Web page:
Studies in Comparative Literature: Milestones in Modern Drama
10:30 a.m. – 12:30 p.m. | Laura Greeney | CRN # 25294
This course will examine the revolutionary developments in Western drama from the late 19th century into the first half of the 20th century. We will examine the circumstances that led to the reawakening of drama after a period of semihibernation, while considering the following questions: What circumstances in each playwright’s life and society led to the creation of enduring dramatic work? In what ways did these works depart from and subvert the established principles of drama? How did each playwright capture a distinct time and place and yet remain relevant to future generations of readers and theatre attendees? Playwrights to be studied include August Strindberg, Henrik Ibsen, Oscar Wilde, Anton Chekhov, Eugene Ionesco, Sophie Treadwell, and Eugene O’Neill.

Creative Writing: Memory and Invention
1:30 – 3:30 p.m. | Nina Goss | CRN # 25295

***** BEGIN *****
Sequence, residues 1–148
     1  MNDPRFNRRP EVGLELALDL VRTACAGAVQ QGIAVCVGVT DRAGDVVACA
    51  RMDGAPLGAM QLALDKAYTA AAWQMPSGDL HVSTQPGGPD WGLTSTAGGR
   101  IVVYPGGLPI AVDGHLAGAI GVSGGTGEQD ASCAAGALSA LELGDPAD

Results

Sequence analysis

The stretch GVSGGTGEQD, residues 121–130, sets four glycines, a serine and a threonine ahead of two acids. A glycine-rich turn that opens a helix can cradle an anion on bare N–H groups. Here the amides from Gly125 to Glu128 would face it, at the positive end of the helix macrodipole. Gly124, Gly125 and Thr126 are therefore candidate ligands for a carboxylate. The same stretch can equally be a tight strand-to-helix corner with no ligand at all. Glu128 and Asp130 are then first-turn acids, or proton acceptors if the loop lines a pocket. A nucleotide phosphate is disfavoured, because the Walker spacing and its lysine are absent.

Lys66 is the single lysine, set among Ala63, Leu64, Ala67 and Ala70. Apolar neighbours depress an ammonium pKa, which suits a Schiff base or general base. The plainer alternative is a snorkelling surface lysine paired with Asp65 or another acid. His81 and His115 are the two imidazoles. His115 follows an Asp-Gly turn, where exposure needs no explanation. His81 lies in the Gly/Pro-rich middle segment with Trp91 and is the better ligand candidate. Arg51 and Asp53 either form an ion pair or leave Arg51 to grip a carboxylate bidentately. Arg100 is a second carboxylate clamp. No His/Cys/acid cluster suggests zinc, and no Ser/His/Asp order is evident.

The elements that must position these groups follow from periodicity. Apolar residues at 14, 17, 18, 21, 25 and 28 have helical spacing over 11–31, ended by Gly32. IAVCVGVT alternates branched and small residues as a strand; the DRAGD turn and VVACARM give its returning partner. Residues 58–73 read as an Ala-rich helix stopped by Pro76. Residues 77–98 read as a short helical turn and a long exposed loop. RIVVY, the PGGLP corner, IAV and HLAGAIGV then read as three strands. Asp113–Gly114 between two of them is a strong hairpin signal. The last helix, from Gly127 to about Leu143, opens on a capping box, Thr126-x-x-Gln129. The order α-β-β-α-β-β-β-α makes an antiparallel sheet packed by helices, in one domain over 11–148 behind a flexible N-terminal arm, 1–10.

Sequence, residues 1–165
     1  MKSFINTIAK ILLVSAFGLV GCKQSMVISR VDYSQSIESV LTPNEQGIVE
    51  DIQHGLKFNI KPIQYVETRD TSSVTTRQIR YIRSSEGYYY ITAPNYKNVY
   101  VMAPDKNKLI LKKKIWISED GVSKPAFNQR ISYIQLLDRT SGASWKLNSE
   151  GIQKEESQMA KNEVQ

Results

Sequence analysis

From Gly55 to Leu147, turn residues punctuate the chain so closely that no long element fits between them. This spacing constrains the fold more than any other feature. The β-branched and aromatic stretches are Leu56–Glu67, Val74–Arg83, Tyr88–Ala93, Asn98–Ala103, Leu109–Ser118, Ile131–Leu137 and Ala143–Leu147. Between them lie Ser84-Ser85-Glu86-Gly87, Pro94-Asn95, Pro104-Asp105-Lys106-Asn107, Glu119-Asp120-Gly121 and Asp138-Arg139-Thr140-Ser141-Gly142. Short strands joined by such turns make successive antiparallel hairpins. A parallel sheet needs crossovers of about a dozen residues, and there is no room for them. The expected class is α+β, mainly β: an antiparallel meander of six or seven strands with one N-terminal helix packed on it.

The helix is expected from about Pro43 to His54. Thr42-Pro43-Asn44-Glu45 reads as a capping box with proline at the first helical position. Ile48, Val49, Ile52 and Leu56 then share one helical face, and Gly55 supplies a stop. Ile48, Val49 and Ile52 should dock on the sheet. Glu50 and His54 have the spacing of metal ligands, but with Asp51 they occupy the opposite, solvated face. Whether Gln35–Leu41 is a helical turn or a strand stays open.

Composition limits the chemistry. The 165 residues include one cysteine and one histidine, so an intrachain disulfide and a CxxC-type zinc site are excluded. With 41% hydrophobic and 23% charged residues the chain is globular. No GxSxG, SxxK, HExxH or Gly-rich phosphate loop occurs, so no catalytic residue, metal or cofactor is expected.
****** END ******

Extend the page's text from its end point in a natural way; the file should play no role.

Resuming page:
As writers, we compose expressive memoirs, moving reflections, and engaging fiction by creating new languages that marry experience and imagination. In this course, we will explore the construction of our own creative and expressive language through heightened attention to this pairing of memory and invention across a variety of genres. We will develop a greater appreciation for the writing process in the genre that each student finds most seductive.

Studies in Philosophy: Philosophical Aesthetics
1:30 – 3:30 p.m. | Babette Babich | CRN # 25296
Beyond the philosophy of art and beauty, the tradition of philosophical aesthetics includes questions of taste (David Hume) and judgment (Immanuel Kant). We will consider Schiller’s famous letters on aesthetic education and Hegel’s early 19th-century thesis of the end of art, in addition to 20th-century thinkers including Arthur Danto and Alexander Nehamas. If time and interest permit, we will review questions of contemporary philosophy of art, including the question of the meaning of “art” and the role of the museum and gallery in the so-called “art world.”